Congratulations! Since you’re here it’s likely that you’ve either booked your shoot and are figuring out how best to prepare, or you are considering a shoot and are wondering what’s involved.
Either way, you’ve come to the right place. The following list covers all you need to know so that your pet’s photo shoot is a success!
(If you haven’t booked because you’re worried your dog isn’t trained in the sit/stay department, please read this.)
Prior to every shoot, I like to have a brief chat to learn a little about your dog(s). It doesn’t have to take too long, but the information from that call is very valuable in helping me to customize the experience especially for you. The more I know about your family—from what you love most about them to how you would like to enjoy the final artwork—the better the results.
2. Send photos of your walls
It’s absolutely fine if you don’t know how you’d like to enjoy your artwork at this stage. However, if you think you’d like to have some pieces to display on your walls I can help you figure out the appropriate sizes and shoot with that in mind. Taking a photo or two with your smartphone works great and will give me an idea of the space.
If you typically take your dog to the groomer then it’s a good idea to book an appointment for at least a few days prior to the shoot. It generally works out best if the coat has a few days to grow out before the session. Even if you don’t regularly take your dog to the groomer, if they are a breed with a lot of hair, it’s important to make sure hair isn’t covering their eyes.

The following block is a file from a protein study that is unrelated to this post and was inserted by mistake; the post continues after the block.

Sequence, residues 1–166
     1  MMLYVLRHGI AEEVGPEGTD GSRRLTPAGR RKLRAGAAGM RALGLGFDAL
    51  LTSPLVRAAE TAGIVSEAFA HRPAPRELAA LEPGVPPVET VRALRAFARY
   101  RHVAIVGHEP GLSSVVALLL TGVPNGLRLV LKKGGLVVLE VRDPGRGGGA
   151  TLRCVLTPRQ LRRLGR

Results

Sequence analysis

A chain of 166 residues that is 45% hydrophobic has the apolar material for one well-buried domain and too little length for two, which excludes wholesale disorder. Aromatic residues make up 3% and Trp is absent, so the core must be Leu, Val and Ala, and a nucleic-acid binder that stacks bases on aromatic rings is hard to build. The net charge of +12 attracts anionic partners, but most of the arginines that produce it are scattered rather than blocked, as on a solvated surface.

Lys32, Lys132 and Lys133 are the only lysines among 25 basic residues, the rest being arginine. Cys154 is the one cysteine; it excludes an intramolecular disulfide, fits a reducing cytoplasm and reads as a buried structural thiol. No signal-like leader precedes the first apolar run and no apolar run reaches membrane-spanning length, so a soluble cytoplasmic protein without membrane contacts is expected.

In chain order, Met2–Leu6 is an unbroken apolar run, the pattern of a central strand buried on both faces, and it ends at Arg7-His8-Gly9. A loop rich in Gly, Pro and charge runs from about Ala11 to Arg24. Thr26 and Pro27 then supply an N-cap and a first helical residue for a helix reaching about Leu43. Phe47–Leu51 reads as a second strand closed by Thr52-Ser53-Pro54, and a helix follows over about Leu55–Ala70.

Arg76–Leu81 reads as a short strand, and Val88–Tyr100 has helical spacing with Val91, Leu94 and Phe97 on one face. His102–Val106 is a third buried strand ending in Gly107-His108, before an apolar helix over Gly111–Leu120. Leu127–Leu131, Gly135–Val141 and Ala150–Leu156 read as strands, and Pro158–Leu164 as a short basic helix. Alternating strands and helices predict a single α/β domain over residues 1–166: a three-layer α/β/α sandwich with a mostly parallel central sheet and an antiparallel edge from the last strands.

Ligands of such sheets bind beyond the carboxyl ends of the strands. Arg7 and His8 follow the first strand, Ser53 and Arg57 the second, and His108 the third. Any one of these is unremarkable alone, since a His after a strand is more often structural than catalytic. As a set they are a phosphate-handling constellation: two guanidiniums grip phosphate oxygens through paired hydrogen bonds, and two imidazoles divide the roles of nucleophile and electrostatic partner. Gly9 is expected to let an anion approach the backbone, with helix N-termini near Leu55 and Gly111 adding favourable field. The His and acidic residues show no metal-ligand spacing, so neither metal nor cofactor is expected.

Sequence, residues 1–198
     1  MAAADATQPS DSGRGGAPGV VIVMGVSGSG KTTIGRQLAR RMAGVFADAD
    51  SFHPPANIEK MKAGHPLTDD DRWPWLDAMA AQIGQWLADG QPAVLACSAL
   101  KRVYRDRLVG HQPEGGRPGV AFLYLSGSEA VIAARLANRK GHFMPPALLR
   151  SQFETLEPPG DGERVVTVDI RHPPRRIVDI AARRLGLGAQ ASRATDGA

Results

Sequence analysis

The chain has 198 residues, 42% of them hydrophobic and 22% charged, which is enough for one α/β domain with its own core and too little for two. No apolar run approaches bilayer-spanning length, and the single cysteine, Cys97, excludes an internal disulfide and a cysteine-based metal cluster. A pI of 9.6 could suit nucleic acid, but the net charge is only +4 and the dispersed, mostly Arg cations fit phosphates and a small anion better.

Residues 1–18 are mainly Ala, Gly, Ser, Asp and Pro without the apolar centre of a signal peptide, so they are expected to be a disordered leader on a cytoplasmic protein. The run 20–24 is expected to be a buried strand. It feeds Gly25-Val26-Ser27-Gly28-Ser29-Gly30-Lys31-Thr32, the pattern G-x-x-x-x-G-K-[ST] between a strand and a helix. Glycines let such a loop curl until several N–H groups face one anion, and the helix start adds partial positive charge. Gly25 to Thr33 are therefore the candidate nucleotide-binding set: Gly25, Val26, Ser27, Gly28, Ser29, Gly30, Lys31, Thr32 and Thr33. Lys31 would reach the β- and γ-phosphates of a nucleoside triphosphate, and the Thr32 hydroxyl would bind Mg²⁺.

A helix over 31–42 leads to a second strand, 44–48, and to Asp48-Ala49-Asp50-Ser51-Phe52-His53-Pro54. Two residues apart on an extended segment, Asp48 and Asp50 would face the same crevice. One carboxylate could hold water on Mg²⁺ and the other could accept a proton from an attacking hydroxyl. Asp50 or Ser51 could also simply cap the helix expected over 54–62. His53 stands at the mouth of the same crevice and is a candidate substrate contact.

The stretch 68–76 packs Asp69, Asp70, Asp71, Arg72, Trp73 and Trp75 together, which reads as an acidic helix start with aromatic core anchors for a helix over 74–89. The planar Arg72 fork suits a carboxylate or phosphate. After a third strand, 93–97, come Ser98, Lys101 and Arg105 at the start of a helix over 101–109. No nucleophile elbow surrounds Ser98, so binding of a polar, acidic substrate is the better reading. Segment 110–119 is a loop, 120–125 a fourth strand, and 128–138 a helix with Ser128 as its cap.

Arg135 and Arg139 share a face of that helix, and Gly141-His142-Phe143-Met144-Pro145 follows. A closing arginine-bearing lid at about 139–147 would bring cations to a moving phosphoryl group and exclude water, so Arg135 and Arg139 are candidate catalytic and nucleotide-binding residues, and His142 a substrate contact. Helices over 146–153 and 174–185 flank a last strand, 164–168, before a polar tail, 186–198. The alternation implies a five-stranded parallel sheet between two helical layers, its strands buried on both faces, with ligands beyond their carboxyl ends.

3. Bath Time
The camera captures a lot of detail so you’ll want to make sure your dog’s coat is nice and clean. So if they haven’t been to the groomer, giving your dog a bath a day or two before the shoot will help their coat to shine on camera.
4. Nail Trim
Long nails can be distracting so I recommend getting them trimmed prior to your dog’s photo shoot. This is something you can do at home, although some people prefer to leave this to a groomer or veterinarian if they are nervous about cutting them too short.
If you have an energetic dog on your hands, then let’s get them some exercise the day of the shoot. Whatever you can do to get the wiggles out (keeping in mind, of course, that you won’t want them to play off leash anywhere that’s going to necessitate a bath!).
If you have a senior dog or a couch potato pup then just a quick potty break will likely be enough on the exercise front. We don’t want to wear out a dog entirely as we need some energy to capture their unique personality.
You know your dog better than anyone, so use your best judgement to help with any over excitement without wearing them out entirely. You can be sure they will be worn out by the end of the photo shoot!
Now that you have an idea of what’s involved in planning for your dogs photo shoot, you’ll see that it doesn’t require much more than carrying out your regular routine (but with a little scheduling!). If you have any other questions, don’t hesitate to be in touch. If you haven’t booked your shoot yet, and are interested in a no obligation consultation, click the button below.